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2015 Black History Month Google Student Tribute: Michael Tubbs

Over the past month, we've been showcasing the amazing work of some of Google’s Student Programs Alumni in their communities. In the final installment of the Black History Month Student Tribute series we are catching up with Michael who participated in the 2010 BOLD Internship Program and went on to be elected as a Councilman for the city of Stockton, California.

What’s one thing about you that many people do not know?
My email address in high school was “lovetobball247@aol.com”! This is a tough question. I feel like J. Cole when he said, “Share my life with strangers who know me better than I know myself.” I tell my story so many times, I’m not even sure what people don’t know!

Since you’ve graduated from the BOLD internship program, what have you been up to?
As a BOLD intern, I learned about project management, how to interact with others and the importance of transparency and communication. I immediately put these skills to work as an intern in the White House and during my time studying abroad in Cape Town, South Africa. The summer after, I co-founded the Summer Success and Leadership Academy at the University of the Pacific and designed a week long residential experience for 50 Stockton students. During my senior year at Stanford, I received my bachelor’s degree with honors, my master’s degree in Policy, Organizational and Leadership studies, and decided to run for city council in my hometown of Stockton.

Since graduation, I’ve been featured in a documentary, True Son, that was screened at Google and premiered at the Tribeca Film Festival. As a Councilman, I have been able to to equip our officers with body cameras and establish an Office of Violence Prevention in partnership with the Police Chief. I have also been able to start literacy programs with the Housing Authority, pass “Ban the Box” legislation to give ex-offenders the chance to apply for jobs for which they qualify, open the first bank in my district in 50 years and I have increased philanthropic support for my district.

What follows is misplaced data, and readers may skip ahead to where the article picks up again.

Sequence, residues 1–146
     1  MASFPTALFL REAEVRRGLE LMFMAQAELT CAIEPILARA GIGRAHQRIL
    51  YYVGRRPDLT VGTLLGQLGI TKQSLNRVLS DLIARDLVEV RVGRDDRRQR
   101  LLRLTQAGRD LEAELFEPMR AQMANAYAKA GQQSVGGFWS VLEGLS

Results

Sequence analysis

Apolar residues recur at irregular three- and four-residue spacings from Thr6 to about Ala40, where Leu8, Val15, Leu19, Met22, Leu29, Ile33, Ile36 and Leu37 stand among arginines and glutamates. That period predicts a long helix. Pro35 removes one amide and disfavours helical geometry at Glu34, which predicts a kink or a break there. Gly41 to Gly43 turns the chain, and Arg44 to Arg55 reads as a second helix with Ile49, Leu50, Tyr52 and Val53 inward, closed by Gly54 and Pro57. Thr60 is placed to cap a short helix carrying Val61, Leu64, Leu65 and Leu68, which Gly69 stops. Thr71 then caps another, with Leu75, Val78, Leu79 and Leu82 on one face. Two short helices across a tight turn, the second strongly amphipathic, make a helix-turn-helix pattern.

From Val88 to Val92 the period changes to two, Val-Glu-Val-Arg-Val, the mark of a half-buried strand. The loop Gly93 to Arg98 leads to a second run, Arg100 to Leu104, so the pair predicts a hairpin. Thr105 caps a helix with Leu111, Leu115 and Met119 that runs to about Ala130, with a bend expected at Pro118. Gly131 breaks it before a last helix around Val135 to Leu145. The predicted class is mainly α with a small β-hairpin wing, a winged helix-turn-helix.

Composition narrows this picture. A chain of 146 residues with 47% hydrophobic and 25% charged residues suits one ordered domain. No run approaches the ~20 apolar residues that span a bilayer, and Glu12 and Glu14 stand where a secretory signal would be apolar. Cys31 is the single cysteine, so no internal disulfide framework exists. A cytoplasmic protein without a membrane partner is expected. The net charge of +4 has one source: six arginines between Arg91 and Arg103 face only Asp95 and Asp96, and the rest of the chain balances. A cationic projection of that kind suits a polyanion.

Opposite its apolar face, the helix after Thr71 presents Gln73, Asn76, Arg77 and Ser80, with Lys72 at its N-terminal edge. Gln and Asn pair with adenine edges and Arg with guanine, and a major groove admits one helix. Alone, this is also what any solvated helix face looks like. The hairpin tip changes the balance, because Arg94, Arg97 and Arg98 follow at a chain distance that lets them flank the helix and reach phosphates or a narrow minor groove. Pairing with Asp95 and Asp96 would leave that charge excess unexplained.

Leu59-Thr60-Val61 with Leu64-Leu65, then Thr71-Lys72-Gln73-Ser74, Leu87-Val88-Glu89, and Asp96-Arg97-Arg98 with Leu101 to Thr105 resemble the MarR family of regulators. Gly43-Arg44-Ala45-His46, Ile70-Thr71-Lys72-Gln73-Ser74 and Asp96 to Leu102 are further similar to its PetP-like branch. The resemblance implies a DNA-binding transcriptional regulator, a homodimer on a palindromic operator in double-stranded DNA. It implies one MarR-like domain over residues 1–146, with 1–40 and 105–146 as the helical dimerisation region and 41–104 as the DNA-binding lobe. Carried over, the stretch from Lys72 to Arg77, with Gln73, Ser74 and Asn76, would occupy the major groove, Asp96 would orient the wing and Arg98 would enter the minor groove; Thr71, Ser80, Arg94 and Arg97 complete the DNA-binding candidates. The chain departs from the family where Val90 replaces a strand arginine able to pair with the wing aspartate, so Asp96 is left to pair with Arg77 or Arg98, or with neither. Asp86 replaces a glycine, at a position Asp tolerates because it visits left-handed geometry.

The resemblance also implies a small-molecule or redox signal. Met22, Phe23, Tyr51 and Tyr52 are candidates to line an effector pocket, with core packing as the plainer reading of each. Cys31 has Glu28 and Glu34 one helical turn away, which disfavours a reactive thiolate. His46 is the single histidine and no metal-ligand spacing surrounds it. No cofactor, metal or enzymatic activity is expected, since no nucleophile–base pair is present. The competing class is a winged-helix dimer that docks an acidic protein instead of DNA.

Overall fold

You’re a Stockton City Councilman. Was that always something you wanted to do?
Absolutely not. I view it more as a calling, as I was motivated by the murder of my cousin to go back and do my best to use the considerable blessings I had been given to improve my community.

You inspire a lot of your peers but who inspires you?
Mostly local people and luminaries from my past. My mom, aunt and grandmother inspire me and continue to inspire me. They are three single women who are not well educated, yet have done a phenomenal job. Historically, Harriet Tubman and Sojourner Truth have inspired me because they drove change despite facing so many more obstacles than we face today. Marian Wright Edelman inspires me, too, as do the original Freedom Riders. Finally, people in Stockton who are doing amazing things despite extraordinary challenges inspire me.

Why do you think it’s important to give back to others?
“The greatest of you shall be the servant of all,” said Jesus and I agree. Giving back is not a choice but a necessity because we all exist in this ecosystem together and the principle of Ubuntu is so true - “I only am when we all are.”


Posted by Shawn Dye, University Programs Team

2015 Black History Month Google Student Tribute: Maurita Ament

We’re continuing our student tribute in honor of Black History Month and showcasing Maurita, a Sophomore at Spelman College and Google Student Ambassador.

Tell us one really interesting fact about you?

I used to live in Italy for 2 & ½ years!

How were you introduced to Computer Science and what prompted you to study it in College?

I was introduced to Computer Science when I was twelve years old living in Rome, Italy. I spent a lot of time on the computer playing games like Neopets when I lived there. On Neopets, users connected with each other through “Guilds”. After joining a few of them I realized I wanted to make my own. However, once I made them, no one would join. I started browsing through multiple guilds to see what theirs had that mine didn’t. This was how I discovered HTML/CSS, Adobe Photoshop, and Computer Science. After teaching myself how to code and do some graphic design I was able to get over 100+ members to join my Guild.


How are you helping others who are interested in Computer Science?